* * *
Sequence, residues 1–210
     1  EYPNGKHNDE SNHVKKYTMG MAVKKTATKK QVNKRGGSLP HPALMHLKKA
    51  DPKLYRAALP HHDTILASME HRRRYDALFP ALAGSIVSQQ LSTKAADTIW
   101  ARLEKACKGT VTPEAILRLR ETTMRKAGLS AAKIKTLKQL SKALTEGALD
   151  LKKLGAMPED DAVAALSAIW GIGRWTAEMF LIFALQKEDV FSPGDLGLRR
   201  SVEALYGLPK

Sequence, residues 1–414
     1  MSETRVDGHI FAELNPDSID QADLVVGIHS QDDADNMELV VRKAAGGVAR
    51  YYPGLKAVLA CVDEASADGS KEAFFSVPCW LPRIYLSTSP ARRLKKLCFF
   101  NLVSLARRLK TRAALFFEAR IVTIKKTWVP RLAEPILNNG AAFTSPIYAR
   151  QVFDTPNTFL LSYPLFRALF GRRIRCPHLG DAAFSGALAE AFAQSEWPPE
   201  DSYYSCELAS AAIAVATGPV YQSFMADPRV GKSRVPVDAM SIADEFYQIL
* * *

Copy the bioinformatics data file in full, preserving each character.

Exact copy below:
Sequence, residues 1–210
     1  EYPNGKHNDE SNHVKKYTMG MAVKKTATKK QVNKRGGSLP HPALMHLKKA
    51  DPKLYRAALP HHDTILASME HRRRYDALFP ALAGSIVSQQ LSTKAADTIW
   101  ARLEKACKGT VTPEAILRLR ETTMRKAGLS AAKIKTLKQL SKALTEGALD
   151  LKKLGAMPED DAVAALSAIW GIGRWTAEMF LIFALQKEDV FSPGDLGLRR
   201  SVEALYGLPK

Sequence, residues 1–414
     1  MSETRVDGHI FAELNPDSID QADLVVGIHS QDDADNMELV VRKAAGGVAR
    51  YYPGLKAVLA CVDEASADGS KEAFFSVPCW LPRIYLSTSP ARRLKKLCFF
   101  NLVSLARRLK TRAALFFEAR IVTIKKTWVP RLAEPILNNG AAFTSPIYAR
   151  QVFDTPNTFL LSYPLFRALF GRRIRCPHLG DAAFSGALAE AFAQSEWPPE
   201  DSYYSCELAS AAIAVATGPV YQSFMADPRV GKSRVPVDAM SIADEFYQIL